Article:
Colbert's Double-Take on Demonization — First He Revels in It, Then He Reviles It

By Jerry Kammer on September 9, 2015

It didn't take long to find out if Stephen Colbert would bring his famously partisan liberalism to his "Late Show", which debuted last night on CBS.

At the 24-minute mark of Tuesday's show, the screen showed a bloviating Trump perched above a photograph of robed and hooded Klansmen backlit by a bonfire. Ah, the subtlety of Stephen Colbert's immigration politics.

I don't like Donald Trump. I am on record denouncing him for his offensive, obnoxious denunciation of Mexican immigrants.

But I am weary of Colbert's habit of reducing all opposition to illegal immigration to racism and bigotry and ignorance. It cheapens a debate that should be rich with discussion of its many layers and nuances. I have written about that here and here

Last night Colbert, with gleeful recklessness, once again dipped his satirical broad brush into the fetid pool of Klan racism. By implication he spread the smear to everyone who has cheered Trump for promising to stop illegal immigration.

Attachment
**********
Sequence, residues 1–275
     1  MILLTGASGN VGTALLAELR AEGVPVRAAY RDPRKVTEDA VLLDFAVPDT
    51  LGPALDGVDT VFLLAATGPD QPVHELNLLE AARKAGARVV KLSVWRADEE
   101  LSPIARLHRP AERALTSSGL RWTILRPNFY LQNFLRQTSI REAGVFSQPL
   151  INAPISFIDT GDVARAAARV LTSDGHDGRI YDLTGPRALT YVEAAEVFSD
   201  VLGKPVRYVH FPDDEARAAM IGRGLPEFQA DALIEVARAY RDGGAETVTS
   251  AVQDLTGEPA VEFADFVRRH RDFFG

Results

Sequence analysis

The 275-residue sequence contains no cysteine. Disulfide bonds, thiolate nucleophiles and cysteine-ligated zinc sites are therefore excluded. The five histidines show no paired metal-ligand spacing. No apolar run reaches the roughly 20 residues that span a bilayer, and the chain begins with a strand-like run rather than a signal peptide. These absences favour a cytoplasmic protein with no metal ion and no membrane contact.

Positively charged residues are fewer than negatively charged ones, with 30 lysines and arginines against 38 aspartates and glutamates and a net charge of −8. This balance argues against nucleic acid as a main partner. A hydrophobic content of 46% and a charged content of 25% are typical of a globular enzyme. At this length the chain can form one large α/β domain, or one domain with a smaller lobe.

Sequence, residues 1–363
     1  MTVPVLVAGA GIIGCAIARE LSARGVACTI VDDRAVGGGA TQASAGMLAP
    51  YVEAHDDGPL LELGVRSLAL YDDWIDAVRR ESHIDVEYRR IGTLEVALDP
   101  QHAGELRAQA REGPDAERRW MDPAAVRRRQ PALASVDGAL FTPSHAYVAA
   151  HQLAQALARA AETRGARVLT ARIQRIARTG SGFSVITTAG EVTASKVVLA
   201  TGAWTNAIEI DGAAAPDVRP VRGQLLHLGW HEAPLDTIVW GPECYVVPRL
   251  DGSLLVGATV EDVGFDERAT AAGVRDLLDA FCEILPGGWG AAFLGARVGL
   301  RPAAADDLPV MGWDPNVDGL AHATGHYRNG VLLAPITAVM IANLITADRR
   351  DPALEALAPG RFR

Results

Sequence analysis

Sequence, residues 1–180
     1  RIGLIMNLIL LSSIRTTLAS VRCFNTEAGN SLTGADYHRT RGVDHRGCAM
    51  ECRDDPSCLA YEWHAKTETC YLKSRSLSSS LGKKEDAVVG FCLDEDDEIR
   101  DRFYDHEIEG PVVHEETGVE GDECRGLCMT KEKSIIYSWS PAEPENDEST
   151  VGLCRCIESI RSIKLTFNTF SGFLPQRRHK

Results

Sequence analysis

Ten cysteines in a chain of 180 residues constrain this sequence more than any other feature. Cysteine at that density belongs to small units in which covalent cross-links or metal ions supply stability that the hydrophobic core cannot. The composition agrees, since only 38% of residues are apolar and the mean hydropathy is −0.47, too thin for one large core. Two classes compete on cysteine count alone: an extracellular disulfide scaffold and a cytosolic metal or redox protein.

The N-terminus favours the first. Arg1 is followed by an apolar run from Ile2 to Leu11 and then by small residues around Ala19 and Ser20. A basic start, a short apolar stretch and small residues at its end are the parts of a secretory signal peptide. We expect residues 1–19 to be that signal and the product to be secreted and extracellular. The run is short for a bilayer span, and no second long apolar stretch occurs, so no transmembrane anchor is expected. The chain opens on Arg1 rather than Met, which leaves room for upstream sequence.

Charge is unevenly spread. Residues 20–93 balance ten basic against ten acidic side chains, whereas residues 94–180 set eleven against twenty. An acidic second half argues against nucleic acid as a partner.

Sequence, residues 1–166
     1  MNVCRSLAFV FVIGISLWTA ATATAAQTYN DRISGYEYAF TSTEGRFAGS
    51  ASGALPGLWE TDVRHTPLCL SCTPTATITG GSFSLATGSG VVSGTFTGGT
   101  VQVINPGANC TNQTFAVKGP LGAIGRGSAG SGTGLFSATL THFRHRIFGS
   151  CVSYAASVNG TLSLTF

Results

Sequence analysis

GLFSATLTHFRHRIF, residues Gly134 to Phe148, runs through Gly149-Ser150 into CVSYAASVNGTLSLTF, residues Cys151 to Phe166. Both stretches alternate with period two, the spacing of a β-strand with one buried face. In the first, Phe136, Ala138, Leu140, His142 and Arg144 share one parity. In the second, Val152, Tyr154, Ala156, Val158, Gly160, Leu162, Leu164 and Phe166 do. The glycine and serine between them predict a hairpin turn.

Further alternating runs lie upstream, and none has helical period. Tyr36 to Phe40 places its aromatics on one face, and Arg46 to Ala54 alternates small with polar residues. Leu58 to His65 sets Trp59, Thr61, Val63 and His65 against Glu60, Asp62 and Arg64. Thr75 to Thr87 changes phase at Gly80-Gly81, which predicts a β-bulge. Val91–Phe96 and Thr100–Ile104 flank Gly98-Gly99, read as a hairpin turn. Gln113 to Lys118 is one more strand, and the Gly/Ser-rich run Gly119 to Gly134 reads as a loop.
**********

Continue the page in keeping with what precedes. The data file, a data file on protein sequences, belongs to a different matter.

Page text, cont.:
It was classic demonization and guilt by association in the service of Colbert's firmly held belief that only bad people are against illegal immigration.

It brought to mind two observations about the tendency of strident liberals to demonize conservatives.

  • Historian Alan Brinkley observed that liberals are often dismissive of conservative thought because they see it "as if it were a kind of pathology."
  • Conservative intellectual Thomas Sowell has written that among liberals, "It is not uncommon ... to find references to their adversaries' 'real' reasons, which must be unmasked."

A little later in the show, as he spoke with Republican presidential aspirant Jeb Bush, Colbert bemoaned the recklessness of Republicans who have demonized President Obama.

"Do you think you could change that — that the other side is the devil?" he asked Bush.

Bush said he believed that if we start with the assumption that people on the other side of the argument have good motives, it is possible to find common ground.

Colbert talked right past him. He had no idea of the irony of his performance.

When Colbert brings up immigration, his favorite rhetorical device is a straw man in a Klan costume. It was bad enough on Comedy Central. On CBS it could get really ugly.

The combination of Colbert's comic genius and his liberal intolerance for the other side of the debate guarantees it.

In my next post, I'll provide some context for Colbert's riff on Trump's attack on Nabisco for moving an Oreo cookie plant to Mexico.